The other day on my bus into downtown SF, a down-and-out looking guy stepped on and asked if anyone could give him the dollar he was short on bus fare. Amazingly, five or six people stepped up to oblige, and it got me thinking about the economy. I’ve seen people ask for money on the bus before, but I’ve never seen five people leap to lend a hand.
Hard times can create a kind of brotherhood. The word compassion literally means to suffer together, and when we don’t have to work too hard to put ourselves in another man’s shoes, then maybe we’re more inclined to help each other out.
Economic growth is not something that can go on forever. The last hundred years of exponential growth and unrestrained consumption has taken a serious toll on the earth and left entire cultures wrecked in its wake. For our own survival on this planet, we need to curb our appetites, but the dilemma has been how to slow down consumption without throwing the economy into turmoil.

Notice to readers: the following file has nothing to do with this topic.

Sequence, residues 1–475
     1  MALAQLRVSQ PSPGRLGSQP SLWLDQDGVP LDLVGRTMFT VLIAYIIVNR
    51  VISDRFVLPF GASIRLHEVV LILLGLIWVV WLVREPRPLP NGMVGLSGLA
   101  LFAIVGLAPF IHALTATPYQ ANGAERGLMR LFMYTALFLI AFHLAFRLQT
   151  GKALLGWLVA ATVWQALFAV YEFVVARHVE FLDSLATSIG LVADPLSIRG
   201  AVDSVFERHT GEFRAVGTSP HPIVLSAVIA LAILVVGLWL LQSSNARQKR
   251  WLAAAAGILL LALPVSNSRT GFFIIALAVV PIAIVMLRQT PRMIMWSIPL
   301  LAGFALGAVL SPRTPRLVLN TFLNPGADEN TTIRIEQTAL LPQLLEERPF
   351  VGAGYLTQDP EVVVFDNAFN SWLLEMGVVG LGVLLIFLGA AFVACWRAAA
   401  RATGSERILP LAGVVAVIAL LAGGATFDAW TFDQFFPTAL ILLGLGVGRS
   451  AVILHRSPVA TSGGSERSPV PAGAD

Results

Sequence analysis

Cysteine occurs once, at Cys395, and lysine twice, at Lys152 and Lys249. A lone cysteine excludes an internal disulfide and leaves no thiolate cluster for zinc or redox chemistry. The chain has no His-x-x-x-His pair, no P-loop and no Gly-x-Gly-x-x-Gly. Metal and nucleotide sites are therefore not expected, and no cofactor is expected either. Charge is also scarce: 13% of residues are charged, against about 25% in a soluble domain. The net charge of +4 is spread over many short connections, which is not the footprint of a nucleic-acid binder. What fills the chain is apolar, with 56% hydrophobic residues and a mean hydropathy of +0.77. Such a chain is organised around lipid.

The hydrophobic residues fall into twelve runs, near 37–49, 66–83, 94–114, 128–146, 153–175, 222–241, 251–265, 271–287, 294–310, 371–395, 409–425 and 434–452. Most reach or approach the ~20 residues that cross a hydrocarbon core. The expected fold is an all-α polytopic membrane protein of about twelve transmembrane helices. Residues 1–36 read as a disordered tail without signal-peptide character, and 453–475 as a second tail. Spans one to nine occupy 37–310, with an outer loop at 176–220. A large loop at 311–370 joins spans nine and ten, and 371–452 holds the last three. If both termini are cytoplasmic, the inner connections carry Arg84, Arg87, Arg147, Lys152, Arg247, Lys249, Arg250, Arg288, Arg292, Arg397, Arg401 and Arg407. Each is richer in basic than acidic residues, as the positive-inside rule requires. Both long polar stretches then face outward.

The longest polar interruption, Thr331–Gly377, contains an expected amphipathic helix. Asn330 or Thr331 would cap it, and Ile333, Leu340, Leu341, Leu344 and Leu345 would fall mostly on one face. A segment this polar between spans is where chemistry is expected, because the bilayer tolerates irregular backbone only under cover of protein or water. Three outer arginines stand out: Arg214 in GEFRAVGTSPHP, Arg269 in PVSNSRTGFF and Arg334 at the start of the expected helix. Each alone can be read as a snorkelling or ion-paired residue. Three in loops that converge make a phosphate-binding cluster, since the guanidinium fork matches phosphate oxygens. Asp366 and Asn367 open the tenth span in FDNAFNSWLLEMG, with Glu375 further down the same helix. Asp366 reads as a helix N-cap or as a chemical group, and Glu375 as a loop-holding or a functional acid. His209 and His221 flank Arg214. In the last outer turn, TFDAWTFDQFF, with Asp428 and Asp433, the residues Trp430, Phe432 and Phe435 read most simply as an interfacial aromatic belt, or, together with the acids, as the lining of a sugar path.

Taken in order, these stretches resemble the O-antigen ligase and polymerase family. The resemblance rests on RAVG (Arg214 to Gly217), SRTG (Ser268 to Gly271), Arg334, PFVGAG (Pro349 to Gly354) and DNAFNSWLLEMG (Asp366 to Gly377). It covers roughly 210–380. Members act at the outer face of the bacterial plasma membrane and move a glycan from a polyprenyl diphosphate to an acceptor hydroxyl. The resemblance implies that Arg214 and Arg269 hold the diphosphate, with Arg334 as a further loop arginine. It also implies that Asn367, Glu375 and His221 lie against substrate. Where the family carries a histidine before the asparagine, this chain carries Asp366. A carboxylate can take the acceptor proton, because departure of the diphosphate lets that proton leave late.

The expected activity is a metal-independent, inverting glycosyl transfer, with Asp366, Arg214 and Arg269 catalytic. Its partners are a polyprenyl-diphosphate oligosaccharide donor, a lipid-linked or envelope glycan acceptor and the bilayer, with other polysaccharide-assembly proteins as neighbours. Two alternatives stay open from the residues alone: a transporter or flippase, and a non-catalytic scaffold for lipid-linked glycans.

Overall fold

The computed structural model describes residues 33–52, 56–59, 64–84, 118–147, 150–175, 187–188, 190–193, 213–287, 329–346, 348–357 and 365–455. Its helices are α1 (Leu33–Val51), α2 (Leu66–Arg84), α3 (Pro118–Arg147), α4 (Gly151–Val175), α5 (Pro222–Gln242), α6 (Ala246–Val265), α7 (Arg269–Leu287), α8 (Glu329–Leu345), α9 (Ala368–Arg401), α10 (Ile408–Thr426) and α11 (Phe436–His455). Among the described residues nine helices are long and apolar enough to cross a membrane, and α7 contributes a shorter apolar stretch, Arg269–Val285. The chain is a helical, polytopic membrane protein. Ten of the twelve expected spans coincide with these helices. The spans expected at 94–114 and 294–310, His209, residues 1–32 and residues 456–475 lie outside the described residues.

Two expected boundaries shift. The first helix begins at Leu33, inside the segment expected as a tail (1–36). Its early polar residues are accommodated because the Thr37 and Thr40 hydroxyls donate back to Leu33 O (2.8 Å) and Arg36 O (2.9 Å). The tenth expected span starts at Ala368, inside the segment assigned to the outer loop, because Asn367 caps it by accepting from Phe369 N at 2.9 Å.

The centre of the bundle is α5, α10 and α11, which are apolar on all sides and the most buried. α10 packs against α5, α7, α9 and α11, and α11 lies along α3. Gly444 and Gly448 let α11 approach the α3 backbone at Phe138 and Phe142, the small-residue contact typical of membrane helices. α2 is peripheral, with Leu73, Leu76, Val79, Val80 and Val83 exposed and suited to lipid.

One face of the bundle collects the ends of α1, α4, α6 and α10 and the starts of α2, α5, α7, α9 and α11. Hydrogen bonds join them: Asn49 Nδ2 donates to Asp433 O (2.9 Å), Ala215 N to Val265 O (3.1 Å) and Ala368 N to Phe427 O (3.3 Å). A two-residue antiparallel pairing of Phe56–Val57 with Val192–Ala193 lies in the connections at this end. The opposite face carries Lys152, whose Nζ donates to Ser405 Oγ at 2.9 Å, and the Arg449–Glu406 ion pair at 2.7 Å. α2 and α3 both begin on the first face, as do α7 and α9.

Well our hand has been forced, and maybe we have the answer: You can’t slow down consumption without hurting the economy. The economy is in turmoil and consumption is way down. Each exacerbating the other. But maybe nothing good comes without some hard work and sacrifice – concepts that are antithetical to American existence. We have indigestion, and maybe this is just the medicine we need.
We can look forward to tough times, that’s certain. The last eight years have left some fresh scabs, but it’s the last hundred years that did the real damage. Tougher times are still ahead, but maybe there’s an upside. Maybe this is a blessing in disguise.
As we endure this downturn and after we come out the other side, maybe we’ll do a better job of taking care of each other, and the planet we share.